Karnopp, D. C. , Margolis, D. L. , and Rosenberg, R. C. , 2012, System Dynamics: Modeling, Simulation, and Control of Mechatronic Systems, Wiley, Hoboken, NJ.
Packer, J. , Clemen, L. , and Karnopp, D. , “ Sensitivity Analysis for an Electrodynamic Actuator System,” (to be published).
Anaheim Automation, 2015, “ BLK42 Series—Brushless DC Motors,” Anaheim Automation, Inc., Anaheim, CA, https://www.anaheimautomation.com/manuals/brush-less/L010749%20-%20BLK42%20Series%20Spec-%20Sheet.pdf
Phillips, C. L. , and Nagle, H. T. , 2007, Digital Control System Analysis and Design, Prentice Hall Press, Upper Saddle River, NJ.
Hrovat, D. , 1997, “ Survey of Advanced Suspension Developments and Related Optimal Control Applications,” Automatica, 33(10), pp. 1781–1817. [CrossRef]
Maciejowski, J. M. , 1989, Multivariable Feedback Design (Electronic Systems Engineering Series), Addison-Wesley, Wokingham, UK.
Borrelli, F. , 2003, Constrained Optimal Control of Linear and Hybrid Systems, Vol. 290, Springer, New York.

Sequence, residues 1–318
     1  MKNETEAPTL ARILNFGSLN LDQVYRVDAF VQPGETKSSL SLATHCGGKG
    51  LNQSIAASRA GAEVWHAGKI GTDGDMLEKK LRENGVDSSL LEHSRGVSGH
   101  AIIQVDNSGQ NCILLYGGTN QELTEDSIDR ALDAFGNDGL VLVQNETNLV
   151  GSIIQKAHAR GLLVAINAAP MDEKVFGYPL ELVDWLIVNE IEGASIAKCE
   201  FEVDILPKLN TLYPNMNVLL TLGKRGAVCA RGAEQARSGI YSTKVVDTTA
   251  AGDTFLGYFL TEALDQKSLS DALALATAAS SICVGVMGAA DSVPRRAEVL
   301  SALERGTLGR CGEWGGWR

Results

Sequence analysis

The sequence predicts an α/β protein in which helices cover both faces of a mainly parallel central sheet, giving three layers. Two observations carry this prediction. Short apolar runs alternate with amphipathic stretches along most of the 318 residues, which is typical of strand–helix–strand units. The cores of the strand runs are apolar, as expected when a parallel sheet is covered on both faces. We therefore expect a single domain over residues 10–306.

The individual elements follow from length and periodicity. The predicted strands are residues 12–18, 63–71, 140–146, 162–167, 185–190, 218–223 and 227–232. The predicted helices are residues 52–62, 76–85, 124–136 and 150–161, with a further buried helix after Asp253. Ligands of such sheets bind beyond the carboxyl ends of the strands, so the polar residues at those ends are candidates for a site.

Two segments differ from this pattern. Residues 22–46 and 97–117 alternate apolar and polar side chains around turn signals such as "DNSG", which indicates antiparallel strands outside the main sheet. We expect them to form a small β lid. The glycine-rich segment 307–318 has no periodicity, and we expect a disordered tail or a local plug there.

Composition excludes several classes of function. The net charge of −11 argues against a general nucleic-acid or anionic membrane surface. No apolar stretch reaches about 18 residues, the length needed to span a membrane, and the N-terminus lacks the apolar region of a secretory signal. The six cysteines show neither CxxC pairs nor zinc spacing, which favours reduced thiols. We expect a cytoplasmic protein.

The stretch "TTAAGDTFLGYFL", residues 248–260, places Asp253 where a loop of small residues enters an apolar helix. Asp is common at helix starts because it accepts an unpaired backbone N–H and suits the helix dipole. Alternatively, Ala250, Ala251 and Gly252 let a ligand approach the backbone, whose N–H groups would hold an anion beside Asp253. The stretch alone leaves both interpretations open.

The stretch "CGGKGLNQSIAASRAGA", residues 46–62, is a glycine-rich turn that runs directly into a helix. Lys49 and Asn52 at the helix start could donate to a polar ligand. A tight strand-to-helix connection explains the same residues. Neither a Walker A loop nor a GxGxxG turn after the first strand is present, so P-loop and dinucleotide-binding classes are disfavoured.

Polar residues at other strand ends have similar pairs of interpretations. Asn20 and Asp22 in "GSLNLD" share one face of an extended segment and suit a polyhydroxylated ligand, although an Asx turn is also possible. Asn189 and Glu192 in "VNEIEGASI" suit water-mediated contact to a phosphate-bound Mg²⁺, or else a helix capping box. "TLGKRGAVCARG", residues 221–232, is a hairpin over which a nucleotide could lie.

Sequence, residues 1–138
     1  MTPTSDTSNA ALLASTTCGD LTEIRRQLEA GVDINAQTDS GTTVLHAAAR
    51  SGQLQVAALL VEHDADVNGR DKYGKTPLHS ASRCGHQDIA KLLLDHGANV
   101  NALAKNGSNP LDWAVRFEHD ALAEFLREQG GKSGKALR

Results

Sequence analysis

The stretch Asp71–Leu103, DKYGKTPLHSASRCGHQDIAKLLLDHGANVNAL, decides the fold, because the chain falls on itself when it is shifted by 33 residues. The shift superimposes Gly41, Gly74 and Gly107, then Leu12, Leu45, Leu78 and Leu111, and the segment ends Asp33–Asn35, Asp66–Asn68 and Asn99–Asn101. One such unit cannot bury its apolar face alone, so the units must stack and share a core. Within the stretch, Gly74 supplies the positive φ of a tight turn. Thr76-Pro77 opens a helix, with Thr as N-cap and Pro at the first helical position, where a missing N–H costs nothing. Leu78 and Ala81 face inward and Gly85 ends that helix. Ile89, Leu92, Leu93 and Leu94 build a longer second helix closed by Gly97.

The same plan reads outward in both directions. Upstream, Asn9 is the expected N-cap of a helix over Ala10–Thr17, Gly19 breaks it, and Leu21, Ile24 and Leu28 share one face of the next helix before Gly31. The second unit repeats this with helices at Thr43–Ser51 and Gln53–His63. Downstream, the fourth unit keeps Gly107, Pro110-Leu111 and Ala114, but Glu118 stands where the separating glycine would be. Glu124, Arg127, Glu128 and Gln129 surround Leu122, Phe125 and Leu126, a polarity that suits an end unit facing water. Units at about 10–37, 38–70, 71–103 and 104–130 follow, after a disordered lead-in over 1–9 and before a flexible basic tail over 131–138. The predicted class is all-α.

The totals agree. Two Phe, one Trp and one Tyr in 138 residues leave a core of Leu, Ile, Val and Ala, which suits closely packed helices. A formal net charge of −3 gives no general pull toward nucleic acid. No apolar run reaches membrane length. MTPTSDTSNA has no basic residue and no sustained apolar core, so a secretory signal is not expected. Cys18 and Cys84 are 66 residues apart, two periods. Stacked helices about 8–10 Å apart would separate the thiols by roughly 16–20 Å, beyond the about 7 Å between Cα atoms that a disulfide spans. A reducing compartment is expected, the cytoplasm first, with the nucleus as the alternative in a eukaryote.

Anubi, O. M. , and Clemen, L. , 2015, “ Energy-Regenerative Model Predictive Control,” J. Franklin Inst., 352(5), pp. 2152–2170. [CrossRef]
Gupta, N. K. , 1980, “ Frequency-Shaped Cost Functionals—Extension of Linear-Quadratic-Gaussian Design Methods,” J. Guid., Control, Dyn., 3(6), pp. 529–535. [CrossRef]
Zuo, L. , and Nayfeh, S. , 2003, “ Low Order Continuous-Time Filters for Approximation of the ISO 2631-1 Human Vibration Sensitivity Weightings,” J. Sound Vib., 265(2), pp. 459–465. [CrossRef]